me to try making them with an Italian meringue, and to use it while the meringue is still hot. This, he explained, is very stable and gives you the added bonus of a shorter drying time for the piped macarons. I will try that next time, but for now, my slightly 

imperfect macarons will have to do. I sprinkled the tops of each with cacao nibs, which are a slightly bitter counterpoint to the sweet macarons, and add a pleasant crunch. The filling is a classic ganache, and can be tailored to your taste by your choice of the cacao percentage of your dark chocolate. Because the macarons are sweet, a high percentage chocolate is ideal here (around 70%), particularly if you want to maximize the chocolate punch.

Sunday, November 6, 2011

Carrot Cake Cookies

Just in time for the holiday baking season, several new cookie books have hit the cookbook scene. I received a review copy of one of these recently, Cookies at Home With The Culinary Institute of America by Todd Knaster (Wiley, 2011; $34.99). It’s the latest in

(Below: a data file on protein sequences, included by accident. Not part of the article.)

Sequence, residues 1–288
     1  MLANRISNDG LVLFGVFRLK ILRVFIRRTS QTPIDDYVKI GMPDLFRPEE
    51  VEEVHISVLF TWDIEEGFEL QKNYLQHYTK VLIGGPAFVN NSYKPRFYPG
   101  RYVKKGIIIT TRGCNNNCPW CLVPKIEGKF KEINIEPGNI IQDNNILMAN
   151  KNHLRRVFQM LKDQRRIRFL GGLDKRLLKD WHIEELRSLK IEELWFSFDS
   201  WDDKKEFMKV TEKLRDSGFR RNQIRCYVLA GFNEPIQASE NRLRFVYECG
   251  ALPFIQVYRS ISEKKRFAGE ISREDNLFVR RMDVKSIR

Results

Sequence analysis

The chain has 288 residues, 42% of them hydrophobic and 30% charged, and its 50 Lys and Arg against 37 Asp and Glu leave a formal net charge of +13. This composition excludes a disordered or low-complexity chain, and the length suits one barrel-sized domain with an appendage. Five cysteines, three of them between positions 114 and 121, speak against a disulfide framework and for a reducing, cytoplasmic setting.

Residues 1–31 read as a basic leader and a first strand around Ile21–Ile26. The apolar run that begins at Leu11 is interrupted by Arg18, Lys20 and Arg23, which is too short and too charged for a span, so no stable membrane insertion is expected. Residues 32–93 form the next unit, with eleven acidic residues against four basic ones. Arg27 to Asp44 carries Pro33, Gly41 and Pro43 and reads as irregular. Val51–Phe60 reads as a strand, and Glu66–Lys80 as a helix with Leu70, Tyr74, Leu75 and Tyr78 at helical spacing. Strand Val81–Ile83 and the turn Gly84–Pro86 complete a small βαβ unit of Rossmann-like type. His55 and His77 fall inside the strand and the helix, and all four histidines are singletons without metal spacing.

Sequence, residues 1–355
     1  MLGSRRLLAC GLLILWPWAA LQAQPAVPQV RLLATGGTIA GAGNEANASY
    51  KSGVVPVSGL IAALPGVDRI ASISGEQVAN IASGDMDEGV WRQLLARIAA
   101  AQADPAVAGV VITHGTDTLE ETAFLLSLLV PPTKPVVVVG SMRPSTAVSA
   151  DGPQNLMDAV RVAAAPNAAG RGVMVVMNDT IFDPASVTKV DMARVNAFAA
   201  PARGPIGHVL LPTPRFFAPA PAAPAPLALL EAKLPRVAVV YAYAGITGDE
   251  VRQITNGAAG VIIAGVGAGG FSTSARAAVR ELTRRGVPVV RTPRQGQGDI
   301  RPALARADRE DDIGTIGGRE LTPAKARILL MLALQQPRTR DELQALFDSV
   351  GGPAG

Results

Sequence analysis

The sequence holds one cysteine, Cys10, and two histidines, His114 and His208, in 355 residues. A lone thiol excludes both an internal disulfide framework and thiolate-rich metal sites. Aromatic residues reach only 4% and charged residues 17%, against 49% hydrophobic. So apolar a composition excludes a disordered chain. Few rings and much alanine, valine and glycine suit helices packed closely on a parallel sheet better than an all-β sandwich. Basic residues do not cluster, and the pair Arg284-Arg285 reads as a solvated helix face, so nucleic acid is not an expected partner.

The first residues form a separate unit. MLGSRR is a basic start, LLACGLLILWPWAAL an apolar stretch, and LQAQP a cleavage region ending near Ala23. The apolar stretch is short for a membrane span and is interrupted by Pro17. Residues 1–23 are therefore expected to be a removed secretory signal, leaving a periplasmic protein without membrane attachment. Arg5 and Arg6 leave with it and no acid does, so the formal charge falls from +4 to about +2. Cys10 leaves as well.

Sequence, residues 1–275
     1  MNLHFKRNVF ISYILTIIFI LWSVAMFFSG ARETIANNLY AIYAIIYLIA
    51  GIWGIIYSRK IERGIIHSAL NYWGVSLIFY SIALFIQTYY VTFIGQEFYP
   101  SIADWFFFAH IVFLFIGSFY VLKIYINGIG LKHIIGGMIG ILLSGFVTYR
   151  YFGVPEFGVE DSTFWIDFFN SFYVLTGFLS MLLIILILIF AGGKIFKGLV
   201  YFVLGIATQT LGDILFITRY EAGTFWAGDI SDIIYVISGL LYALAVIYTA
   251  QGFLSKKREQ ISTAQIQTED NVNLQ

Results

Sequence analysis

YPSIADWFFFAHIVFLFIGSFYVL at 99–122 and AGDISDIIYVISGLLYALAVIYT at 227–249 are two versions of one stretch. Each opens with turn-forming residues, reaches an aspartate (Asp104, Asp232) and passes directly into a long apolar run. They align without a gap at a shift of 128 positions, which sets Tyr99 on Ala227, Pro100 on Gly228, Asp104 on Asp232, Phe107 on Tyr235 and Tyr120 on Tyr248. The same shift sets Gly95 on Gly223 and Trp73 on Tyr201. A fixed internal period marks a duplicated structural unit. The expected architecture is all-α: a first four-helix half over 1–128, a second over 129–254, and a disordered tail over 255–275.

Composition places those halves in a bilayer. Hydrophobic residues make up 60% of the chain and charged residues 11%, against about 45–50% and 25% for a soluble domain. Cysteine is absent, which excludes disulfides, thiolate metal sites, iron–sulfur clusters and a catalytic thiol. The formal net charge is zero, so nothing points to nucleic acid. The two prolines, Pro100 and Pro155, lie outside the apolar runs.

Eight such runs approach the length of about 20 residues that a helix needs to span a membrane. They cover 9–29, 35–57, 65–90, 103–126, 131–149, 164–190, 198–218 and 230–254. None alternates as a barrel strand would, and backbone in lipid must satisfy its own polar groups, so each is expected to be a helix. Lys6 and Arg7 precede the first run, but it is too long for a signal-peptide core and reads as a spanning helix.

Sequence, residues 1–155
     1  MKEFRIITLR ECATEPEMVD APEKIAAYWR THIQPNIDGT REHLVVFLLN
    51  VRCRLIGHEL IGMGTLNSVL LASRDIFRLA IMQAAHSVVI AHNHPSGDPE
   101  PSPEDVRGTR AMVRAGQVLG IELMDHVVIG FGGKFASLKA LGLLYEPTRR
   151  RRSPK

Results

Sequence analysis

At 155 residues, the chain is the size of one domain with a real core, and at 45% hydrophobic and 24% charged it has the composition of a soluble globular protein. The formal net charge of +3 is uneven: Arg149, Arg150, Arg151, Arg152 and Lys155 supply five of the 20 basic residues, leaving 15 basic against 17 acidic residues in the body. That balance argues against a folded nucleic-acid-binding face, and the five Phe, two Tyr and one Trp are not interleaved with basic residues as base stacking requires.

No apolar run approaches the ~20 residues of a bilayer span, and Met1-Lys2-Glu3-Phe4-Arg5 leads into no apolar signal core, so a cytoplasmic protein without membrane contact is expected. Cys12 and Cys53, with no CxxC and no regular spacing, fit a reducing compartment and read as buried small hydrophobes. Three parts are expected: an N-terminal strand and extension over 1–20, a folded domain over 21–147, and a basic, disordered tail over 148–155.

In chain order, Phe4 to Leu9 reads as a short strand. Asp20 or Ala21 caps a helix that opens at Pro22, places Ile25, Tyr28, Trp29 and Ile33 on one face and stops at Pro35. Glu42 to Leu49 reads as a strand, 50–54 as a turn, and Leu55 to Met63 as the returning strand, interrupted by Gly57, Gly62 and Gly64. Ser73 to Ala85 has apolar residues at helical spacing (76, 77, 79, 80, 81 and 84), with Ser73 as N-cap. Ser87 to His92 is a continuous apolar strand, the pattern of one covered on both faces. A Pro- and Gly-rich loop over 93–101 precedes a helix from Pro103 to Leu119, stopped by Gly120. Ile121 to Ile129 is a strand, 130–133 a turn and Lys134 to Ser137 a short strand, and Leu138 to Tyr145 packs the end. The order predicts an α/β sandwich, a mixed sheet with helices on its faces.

the CIA’s ‘At Home’ series, which features recipes for the home cook. It’s a big, beautiful book, filled with lots of full-page color photos and almost 100 recipes. The recipes lean toward the home-spun – nothing too complex here – but many of the cookies feature 

intriguing flavor combination (i.e. Pistachio Orange Biscotti and Sweet Potato-Pecan Pie Bars). The book includes all the classics, and even has a savory cookie chapter, which includes recipes such as Parmsan Taralles and Jalapeno Cheddar Zaliti. After flipping 

through the book a few times, I kept coming back to one recipe, though: Carrot Cake Cookies. What a great idea! These oatmeal-based cookies are loaded with all the goodies that are found in carrot cake – grated carrots, walnuts, raisins and cinnamon. There’s 

even some coconut thrown in for good measure. The cookies are sandwiched together with a lush and glossy cream cheese frosting, the icing on the proverbial cake. Or cookie. These cookies are quite delish, and may just be the star in your holiday cookie assortment this year.